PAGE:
The Sum of Human Knowledge at Their Fingertips.
Think about this for a moment. Today’s kids are the most connected generation in history by far. They literally have the sum of human knowledge at their fingertips. That is really easy to say and type but think about what it means for a moment. Yes. It’s huge.
Never before has a human being had access to on-demand knowledge like today. This almost unimaginable social construct is a force that cannot be underestimated – be it for good or bad, it is transformative.
I used to teach private music lessons as a younger man. Later I would go on to teach adults and at the college level but sitting in a small room with kids every week (about 50 each week) didn’t just show me something about how kids acquire and master knowledge. It showed me that media increased the pace this knowledge was mastered.
In 1978 Edward Van Halen released a short guitar solo that preceded a huge hit for the band, a remake of a Kinks song called “You Really Got Me.” As a young guitar player the blistering tone and technique of this little tune was awe inspiring and I set out to learn how to play it. The process was to first secure the vinyl record of the song. This meant, of course, going to a strange thing called a “Record Store”.
I’d get back to my house and plop the disc on my stereo turntable, guitar in hand to parse each note by ear. Then, I’d train my hands and fingers the technical gymnastics required to perform the piece. As a fairly adept guitarist (I had been playing professionally for about a year) this process took several months before I could pull it off.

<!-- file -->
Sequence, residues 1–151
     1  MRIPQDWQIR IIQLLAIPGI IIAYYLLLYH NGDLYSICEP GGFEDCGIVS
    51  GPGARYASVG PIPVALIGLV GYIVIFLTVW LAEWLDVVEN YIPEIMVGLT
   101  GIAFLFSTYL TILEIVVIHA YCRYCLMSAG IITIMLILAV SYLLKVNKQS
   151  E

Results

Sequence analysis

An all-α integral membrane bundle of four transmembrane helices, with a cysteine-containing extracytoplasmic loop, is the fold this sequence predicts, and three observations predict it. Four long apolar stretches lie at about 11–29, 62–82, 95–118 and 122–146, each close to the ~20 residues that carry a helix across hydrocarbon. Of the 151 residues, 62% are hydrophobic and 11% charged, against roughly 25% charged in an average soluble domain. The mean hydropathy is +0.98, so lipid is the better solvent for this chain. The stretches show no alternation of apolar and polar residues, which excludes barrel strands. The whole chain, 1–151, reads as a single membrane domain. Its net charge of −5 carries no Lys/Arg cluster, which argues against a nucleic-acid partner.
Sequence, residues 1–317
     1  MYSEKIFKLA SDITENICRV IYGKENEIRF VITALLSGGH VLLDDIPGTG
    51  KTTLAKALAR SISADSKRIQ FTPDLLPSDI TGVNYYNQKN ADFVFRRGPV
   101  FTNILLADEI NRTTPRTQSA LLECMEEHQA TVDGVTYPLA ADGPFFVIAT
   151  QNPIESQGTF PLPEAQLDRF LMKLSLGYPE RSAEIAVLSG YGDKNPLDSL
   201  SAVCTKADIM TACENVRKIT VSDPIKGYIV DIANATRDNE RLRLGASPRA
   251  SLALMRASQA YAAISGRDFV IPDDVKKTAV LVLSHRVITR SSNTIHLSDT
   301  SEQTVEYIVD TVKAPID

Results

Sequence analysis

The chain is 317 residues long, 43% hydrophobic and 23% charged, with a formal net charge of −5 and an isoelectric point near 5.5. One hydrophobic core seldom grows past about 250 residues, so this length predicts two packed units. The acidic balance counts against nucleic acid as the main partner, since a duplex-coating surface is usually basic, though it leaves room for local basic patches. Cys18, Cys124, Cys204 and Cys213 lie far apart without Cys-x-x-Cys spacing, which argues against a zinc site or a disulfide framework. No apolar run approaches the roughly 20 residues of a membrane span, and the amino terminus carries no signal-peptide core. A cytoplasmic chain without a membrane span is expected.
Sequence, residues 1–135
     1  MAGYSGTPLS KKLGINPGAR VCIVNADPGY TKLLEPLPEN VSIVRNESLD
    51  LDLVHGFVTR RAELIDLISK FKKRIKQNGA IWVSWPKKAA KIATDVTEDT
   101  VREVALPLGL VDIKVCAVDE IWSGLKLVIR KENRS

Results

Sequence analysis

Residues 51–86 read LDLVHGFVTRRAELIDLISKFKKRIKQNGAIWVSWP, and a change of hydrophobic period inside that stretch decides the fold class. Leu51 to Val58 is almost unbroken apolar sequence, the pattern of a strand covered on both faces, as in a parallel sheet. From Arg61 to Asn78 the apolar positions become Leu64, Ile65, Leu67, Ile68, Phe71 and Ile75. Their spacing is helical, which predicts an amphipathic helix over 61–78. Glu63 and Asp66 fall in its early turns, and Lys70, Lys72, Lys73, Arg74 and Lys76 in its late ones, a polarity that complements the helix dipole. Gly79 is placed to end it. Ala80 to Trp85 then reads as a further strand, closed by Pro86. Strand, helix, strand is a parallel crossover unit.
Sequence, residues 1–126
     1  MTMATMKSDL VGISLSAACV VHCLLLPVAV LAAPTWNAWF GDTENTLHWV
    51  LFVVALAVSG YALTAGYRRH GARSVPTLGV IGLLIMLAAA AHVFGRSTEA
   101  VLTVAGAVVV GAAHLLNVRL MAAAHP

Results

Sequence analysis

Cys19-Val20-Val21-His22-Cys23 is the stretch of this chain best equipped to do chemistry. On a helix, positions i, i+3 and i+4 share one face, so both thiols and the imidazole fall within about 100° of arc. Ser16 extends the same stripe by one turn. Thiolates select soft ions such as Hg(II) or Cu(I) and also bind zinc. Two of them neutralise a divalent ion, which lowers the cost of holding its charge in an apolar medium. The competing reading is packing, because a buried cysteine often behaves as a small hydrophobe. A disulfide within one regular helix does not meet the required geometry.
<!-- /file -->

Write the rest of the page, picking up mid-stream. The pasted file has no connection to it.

For those students that were interested and capable, I would teach them the song. Having the benefit of someone who already knew the song and my use of a relatively new way of communicating guitar work called “tablature” my students would master Eruption in 3-4 weeks. Easily half the time it took me.
Twenty years later, there is a 12 year old playing this previously mind blowing song on every street corner in the world. The rise of publishers like Hal Leonard and video instruction increased the availability and pace of learning. Every popular song is now transcribed and easily available to anyone. Combined with the Internet, learning specific songs and techniques is a fast paced affair. Not only are we overflowing with great players, they are becoming younger and younger experts at their craft.
The easy availability of media is the fuel behind this mega-leap forward in the speed at which modern kids acquire knowledge. And now, from Lubbock to Africa, the sum of human knowledge fits in your pocket.
Never before has the stage been set for so much potential. How will we step up and use this tremendous force for the good of our kids, our nation and the world?